The point of greatest prominence in the county, is Talladega, the county-seat, with a population of 3,500, It is noted for the enterprise of its citizens, the size and character of its institutions of learning, and the beauty and healthfulness of its location. Talladega has a system of waterworks, superior perhaps, to those of any city of the same size in the South. It is beautifully lighted with gas. The citizens have recently erected an imposing school building, and have adopted the public school system. Besides this, there are two colleges of merit in the city—one white and one colored. It has excellent churches, and is the location of the Deaf, Dumb, and Blind Institute of the State.

Childersburg, Alpine, and Mumford, are also points of interest. In the extreme southern portion of the county are the Talladega Springs, which have long been a favorite resort as a watering place. The popularity of such points with our people, together with the superiority of these waters, warrants the belief that they will
one day be considerably patronized.

The county enjoys considerable facilities for railroad transportation, there being four lines, viz : The East Tennessee, Virginia, and Georgia, the Georgia Pacific, the Anniston and Atlantic, and the Talladega and Coosa Valley railroads. These will doubtless be largely increased in a few years, as English and Northern capital is finding expression in different sections of the county in the purchase of timber and mineral lands, and already plans are on foot to establish furnaces near the city of Talladega. The social advantages of the county are numerous and superior. The masses of the population are more than ordinarily intelligent, thrifty, and well-to-do.

Lands may be purchased in the county from prices ranging from $5 to $35, according to location, fertility, and improvements. There is a wide-spread desire to have earnest, wide-awake immigrants populate the unoccupied areas of the county. There are in the county 34,840 acres of land belonging to the general government, and this affords an additional inducement to settlers.

Source: Northern Alabama - Historical and Biographical by Smith & De Land, Birmingham, Ala 1888 - Transcribed by Veneta McKinney


Population: White 12,319; colored 11,221

Area - 700 square miles. Woodland, all. All Coosa Valley and woodland.

Acres - In cotton, approximately 32,850, in corn 40,370; in oats 9,280; in wheat 13,250; in rye 140; in tobacco 30; in sweet potatoes 335. Approximate number bales of cotton - 12,000.

County Seat - Talladega: population, 3,000 on East Tennessee, Virginia & Georgia, Anniston & Atlantic, Talladega & Coosa Valley Railroads.

Newspapers published at County Seat - Our Mountain Home, Reporter and Watch Tower, both Democratic.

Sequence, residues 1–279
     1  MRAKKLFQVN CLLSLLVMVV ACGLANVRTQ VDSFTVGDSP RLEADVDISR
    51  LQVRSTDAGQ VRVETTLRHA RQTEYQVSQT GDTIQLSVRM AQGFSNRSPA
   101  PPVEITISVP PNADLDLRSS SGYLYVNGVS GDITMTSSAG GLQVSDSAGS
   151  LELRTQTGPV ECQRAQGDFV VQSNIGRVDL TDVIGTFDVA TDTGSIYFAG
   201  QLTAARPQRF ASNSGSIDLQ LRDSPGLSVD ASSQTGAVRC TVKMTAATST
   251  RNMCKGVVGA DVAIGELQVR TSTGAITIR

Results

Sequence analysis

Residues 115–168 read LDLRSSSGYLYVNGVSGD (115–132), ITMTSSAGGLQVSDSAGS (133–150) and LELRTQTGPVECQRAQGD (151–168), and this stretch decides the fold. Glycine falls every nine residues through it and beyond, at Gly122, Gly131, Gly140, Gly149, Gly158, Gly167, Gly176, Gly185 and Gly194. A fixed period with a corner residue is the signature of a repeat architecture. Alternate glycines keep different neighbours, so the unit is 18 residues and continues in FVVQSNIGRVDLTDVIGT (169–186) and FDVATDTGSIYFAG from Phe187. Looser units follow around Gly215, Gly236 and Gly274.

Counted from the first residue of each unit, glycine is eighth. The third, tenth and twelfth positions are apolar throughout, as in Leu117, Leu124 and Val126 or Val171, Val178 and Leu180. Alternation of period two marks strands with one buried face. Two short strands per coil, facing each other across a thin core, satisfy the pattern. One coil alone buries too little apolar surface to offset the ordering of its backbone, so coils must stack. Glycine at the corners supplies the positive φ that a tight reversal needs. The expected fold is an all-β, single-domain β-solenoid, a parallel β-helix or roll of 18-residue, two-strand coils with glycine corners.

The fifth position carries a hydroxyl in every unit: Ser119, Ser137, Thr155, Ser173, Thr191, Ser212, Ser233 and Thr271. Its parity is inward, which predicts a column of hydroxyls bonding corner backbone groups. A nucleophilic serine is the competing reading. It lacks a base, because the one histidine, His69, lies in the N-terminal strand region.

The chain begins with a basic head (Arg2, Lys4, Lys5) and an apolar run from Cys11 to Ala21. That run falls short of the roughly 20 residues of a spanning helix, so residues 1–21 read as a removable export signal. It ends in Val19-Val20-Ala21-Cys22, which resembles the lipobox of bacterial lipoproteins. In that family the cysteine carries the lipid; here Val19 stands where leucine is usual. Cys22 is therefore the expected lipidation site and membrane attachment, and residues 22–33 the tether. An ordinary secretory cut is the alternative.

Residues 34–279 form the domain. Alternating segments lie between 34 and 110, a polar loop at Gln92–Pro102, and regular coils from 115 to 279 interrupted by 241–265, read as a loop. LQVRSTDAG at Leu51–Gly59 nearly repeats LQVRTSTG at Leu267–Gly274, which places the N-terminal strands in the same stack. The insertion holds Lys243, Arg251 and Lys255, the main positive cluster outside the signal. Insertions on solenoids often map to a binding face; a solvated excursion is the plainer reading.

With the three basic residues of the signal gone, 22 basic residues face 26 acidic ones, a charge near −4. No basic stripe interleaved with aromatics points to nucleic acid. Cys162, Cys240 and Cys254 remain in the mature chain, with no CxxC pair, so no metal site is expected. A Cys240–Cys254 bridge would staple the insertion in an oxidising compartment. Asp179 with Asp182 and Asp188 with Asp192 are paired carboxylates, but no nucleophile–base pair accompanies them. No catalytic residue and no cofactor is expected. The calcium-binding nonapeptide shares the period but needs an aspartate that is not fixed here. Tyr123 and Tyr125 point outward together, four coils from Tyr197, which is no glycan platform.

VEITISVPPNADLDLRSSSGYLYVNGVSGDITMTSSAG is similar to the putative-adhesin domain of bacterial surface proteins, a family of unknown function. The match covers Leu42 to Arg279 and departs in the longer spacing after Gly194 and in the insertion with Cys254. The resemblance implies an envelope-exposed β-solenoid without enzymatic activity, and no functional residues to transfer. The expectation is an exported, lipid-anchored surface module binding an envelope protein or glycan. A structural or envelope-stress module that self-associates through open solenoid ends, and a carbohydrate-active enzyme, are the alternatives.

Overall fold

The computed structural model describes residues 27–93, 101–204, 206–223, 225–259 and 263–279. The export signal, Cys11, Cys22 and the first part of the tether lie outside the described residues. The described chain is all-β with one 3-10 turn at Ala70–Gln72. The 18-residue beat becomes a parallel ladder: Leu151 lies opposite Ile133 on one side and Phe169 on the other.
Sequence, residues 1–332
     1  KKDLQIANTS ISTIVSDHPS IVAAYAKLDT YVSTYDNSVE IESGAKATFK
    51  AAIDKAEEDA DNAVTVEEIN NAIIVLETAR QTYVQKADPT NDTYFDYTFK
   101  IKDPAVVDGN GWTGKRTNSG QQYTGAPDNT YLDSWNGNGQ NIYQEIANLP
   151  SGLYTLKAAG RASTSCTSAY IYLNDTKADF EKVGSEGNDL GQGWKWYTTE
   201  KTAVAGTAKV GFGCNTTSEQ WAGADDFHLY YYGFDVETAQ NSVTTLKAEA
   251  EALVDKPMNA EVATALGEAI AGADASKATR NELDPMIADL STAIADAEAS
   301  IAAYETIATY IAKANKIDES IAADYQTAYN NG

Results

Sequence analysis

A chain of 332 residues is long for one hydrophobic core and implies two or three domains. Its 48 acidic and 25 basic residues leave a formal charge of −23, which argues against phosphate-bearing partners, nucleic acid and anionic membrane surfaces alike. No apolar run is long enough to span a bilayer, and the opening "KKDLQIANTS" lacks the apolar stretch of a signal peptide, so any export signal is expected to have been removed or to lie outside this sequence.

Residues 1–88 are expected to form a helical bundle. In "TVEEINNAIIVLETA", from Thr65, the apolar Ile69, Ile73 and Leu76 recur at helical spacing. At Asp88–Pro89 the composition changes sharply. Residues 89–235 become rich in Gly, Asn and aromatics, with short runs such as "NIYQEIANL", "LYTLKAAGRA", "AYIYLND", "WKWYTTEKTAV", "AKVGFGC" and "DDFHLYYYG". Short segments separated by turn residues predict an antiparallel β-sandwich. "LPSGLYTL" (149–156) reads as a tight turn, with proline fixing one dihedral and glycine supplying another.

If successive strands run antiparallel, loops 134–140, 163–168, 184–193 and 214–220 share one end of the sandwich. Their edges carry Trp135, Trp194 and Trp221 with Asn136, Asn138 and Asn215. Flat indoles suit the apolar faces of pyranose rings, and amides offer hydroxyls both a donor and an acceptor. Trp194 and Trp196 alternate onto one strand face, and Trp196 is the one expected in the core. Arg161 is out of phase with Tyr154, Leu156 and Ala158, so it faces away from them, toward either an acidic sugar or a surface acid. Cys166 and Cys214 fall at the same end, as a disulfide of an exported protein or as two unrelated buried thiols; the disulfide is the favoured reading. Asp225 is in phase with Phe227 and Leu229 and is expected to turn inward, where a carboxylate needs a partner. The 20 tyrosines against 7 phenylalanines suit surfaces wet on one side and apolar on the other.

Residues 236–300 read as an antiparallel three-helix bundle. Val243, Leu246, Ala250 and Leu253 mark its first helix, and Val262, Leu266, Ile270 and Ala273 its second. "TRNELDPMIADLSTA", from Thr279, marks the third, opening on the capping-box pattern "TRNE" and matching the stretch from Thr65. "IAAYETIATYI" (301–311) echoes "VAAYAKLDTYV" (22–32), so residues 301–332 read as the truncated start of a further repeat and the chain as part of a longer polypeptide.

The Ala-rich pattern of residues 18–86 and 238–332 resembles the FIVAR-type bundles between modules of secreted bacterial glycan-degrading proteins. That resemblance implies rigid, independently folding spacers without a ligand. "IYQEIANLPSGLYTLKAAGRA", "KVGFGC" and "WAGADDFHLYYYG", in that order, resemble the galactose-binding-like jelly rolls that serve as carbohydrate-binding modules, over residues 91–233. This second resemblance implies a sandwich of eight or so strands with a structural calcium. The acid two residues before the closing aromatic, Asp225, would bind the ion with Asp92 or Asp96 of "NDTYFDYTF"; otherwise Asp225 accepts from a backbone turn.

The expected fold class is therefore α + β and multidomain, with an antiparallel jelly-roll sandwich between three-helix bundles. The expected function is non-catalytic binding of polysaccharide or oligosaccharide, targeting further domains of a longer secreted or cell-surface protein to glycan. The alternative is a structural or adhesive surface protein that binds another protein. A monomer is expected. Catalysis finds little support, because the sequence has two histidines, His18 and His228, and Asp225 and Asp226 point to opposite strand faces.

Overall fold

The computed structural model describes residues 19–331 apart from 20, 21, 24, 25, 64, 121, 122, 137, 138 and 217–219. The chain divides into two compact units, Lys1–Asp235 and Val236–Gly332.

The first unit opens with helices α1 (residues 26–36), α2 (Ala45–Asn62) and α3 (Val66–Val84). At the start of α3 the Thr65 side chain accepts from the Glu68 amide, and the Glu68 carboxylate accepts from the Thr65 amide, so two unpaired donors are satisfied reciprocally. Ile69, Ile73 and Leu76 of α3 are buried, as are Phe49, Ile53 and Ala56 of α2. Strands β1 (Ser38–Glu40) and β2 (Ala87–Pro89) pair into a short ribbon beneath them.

Post offices in the County - Alpine, Bledsoe, Chandler Springs, Childersburgh, Cyprian, Esta Boga, Eureka, Fayetteville, Ironaton, Jenifer, Kentuck, Kyniulga, Lincoln, McElderry, McFall, Munford, Peckerwood, Rendalia, Renfroe, Silver Run, Smelley, Sycamore, Talladega. Turner, Waldo, White Cloud.

Talladega County was established December 18, 1832, the territory being a part of the last Muscogee cession. The original limits were retained until Clay County was formed in 1860. Its name is said to be derived from the Muscogee words Teka, meaning border, and Talla, meaning town.

This county has long numbered among its residents some of the most distinguished men of Alabama, prominent among whom may be mentioned as follows:
Judge Shortridge, Judge John White, Mr. Joab Lawler, Mr. Lewis W. Lawler, Mr. Alexander Bowie, Mr. Felix G. McConnell, the gifted Mr. Frank W. Bowdon, Mr. Jacob T. Branford, Mr. John J. Woodward, Mr. Jabez L. M. Curry, Ex-Gov. Lewis E. Parsons, Mr. Marcus H. Cruikshank. Gen. James B. Martin, Mr. John T. Heflin, Mr. John Henderson, Mr. N. D. Johns, Mr. A. R. Barclay. Mr. M. C. Slaughter, Mr. Joseph D. McCann. Mr. Andrew Cunningham, Mr. Alexander White.

Mollie E. Moore, a native of this county, but now of Texas, has acquired a just celebrity as a poet. Some of her verses are among the rarest gems of Southern literature.

Talladega County, situated along the southern tier of the northeastern counties of the State, and having within its borders the southern terminus of the Blue Ridge Mountains, is favored in climate, location, soil, accessibility and varied resources.

The mean temperature is 80 degrees. The average annual rainfall is 50 inches. The soil and climate are peculiarly adapted to all kinds of fruits and vegetables, besides growing, fairly well, corn, wheat, oats, rye, cotton, clover and the grasses. While many varieties of soil exist, the prevailing color is red clay; and as there is an abundance of lime in the soil, they respond readily to manuring. The county offers prominent inducements to stockmen, fruit growers, truckers, saw-mill men, and iron workers.

Lands are to be had from five to thirty five dollars per acre, owing to location and fertility; but there are within the county thousands of acres of timbered lands which can be had for the value of the timber, and which will inevitably bring wealth when used for vineyards, orchards and truck.

The location of the county favors such a system of farming, as it is environed by growing cities which must needs be fed: and it has, within its borders, great quantities of timber, of limestone and marble, of gold and of iron, besides being contiguous to limitless beds of coal. These various resources are beginning to be developed, and on every hand are being evidenced thrift, vitality and wealth. Iron furnaces are located at Jenifer and Ironaton and others are contemplated at Talladega, Sylacauga and Childersburg. Large saw-mills are in operation at Berneys, Cymulgee, Childersburg, Nottingham, Lincoln and Renfroe.

The county is accessible, having on the west the Coosa River, and being traversed by the East Tennessee. Virginia & Georgia, the Georgia Pacific, the Anniston & Atlantic, the Coosa Valley and the Columbus Western Railroads. The county has three summer resorts, viz: Talladega, Chandler and Shocco Springs, which, from their healthful waters and favorable locality, add much to the inducements of the county.

The people are intelligent, hospitable and largely church-going. The county is well supplied with churches and schools, and the roads are fast being put in good condition. There is no debt on the county.

The taxable values are $4,500,000 and rate of taxation one per cent.

The valuation of taxable property in Talladega County for the year 1887 is $4,722,308, as shown by the abstract assessment filed in the office of the State Auditor.